The New Yorker on the “Greatness Agenda”

The January 9, 2017 edition of The New Yorker features a story titled “Intellectuals for Trump,” which highlights the work of Publius Decius Mus and American Greatness. Here’s a short excerpt:

The most cogent argument for electing Donald Trump was made not by Trump, or by his campaign, but by a writer who, unlike Trump, betrayed no eagerness to attach his name to his creations. He called himself Publius Decius Mus, after the Roman consul known for sacrificing himself in battle, although the author used a pseudonym precisely because he hoped not to suffer any repercussions. In September, on the Web site of the Claremont Review of Books, Decius published “The Flight 93 Election,” which likened the country to a hijacked airplane, and argued that voting for Trump was like charging the cockpit: the consequences were possibly dire, but the consequences of inaction were surely so. Decius sought to be clear-eyed about the candidate he was endorsing. “Only in a corrupt republic, in corrupt times, could a Trump rise,” he wrote. But he argued that this corruption was also evidence of a national crisis, one that could be addressed only by a politician untethered to political piety. The author hailed Trump for his willingness to defend American workers and America’s borders. “Trump,” he wrote, “alone among candidates for high office in this or in the last seven (at least) cycles, has stood up to say: I want to live. I want my party to live. I want my country to live.” By holding the line on unauthorized immigration and rethinking free trade, Decius argued, Trump could help foster “solidarity among the working, lower-middle, and middle classes of all races and ethnicities.” Decius identified himself as a conservative, but he saved much of his criticism for “house-broken conservatives,” who warned of the perils of progressivism while doing nothing in particular to stop it. Electing Trump was a way to take a stand against both ambitious liberalism and insufficiently ambitious conservatism.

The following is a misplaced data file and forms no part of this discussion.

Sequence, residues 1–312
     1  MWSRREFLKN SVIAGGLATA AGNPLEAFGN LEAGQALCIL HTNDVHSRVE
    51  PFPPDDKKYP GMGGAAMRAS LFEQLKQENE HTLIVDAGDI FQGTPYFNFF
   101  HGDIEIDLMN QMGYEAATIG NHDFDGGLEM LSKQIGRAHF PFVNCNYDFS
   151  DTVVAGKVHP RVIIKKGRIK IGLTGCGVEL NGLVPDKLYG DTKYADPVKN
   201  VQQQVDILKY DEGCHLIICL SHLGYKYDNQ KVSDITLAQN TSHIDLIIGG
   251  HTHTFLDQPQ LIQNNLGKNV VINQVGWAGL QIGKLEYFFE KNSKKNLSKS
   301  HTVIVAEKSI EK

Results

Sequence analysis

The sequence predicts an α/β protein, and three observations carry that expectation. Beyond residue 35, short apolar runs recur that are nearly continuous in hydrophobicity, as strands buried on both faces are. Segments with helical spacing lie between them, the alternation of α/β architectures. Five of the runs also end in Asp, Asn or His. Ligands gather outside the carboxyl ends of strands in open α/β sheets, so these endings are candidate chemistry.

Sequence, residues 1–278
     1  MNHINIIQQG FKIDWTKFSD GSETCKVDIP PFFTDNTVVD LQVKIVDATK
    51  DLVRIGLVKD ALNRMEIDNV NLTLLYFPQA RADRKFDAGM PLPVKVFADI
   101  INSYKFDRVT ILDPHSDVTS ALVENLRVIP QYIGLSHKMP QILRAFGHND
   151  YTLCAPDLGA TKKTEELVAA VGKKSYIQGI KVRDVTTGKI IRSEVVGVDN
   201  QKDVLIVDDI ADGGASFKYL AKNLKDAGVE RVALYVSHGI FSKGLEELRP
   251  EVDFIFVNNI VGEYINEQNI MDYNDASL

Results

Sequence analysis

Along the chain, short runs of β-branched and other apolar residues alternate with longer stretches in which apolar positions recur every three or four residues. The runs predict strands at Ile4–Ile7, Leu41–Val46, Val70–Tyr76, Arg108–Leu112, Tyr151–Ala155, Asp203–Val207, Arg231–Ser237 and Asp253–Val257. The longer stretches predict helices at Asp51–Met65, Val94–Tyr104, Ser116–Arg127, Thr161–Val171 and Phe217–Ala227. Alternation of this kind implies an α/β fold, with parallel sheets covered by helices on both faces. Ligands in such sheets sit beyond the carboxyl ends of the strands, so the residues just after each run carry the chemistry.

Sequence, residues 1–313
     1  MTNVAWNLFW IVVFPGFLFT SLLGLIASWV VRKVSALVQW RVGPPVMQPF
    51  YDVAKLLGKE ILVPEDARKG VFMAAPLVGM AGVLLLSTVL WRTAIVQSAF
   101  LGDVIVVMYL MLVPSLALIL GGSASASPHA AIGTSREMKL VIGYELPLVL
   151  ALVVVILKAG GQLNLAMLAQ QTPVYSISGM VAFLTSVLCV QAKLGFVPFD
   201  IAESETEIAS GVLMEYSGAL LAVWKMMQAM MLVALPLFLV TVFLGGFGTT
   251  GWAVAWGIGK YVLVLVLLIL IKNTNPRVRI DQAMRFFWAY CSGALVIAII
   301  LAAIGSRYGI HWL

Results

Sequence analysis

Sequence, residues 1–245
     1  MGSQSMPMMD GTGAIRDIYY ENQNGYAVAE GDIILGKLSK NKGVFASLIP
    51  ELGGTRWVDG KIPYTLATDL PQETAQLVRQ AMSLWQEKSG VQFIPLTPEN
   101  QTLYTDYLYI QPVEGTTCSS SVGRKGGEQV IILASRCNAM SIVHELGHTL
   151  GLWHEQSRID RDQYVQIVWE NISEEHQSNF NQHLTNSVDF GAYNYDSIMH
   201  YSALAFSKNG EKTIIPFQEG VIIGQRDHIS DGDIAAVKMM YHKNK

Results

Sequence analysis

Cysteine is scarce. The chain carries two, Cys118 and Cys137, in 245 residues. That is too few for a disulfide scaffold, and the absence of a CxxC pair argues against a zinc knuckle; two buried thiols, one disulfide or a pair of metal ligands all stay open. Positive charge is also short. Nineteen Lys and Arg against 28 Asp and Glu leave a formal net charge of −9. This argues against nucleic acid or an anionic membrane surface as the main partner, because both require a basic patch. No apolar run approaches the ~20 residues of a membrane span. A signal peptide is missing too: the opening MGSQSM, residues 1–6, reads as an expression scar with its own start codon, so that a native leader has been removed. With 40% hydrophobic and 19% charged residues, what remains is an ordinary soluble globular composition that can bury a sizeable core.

The essay was meant to provoke conservatives, and it succeeded. Ross Douthat, of the Times, responded that Decius had underestimated the likelihood that a Trump Presidency would damage both the country and the movement. On Twitter, Douthat wrote, “I’d rather risk defeat at my enemies’ hands than turn my own cause over to a incompetent tyrant.” The Web site of National Review, the eminent conservative magazine, published a series of critiques, including one by Jonah Goldberg, who called Decius’s central metaphor “grotesquely irresponsible.” No doubt Goldberg expected that, before long, he would be able to reminisce about that strange week, near the end of an endless campaign, when a blogger using a pen name was the most talked-about conservative columnist in America.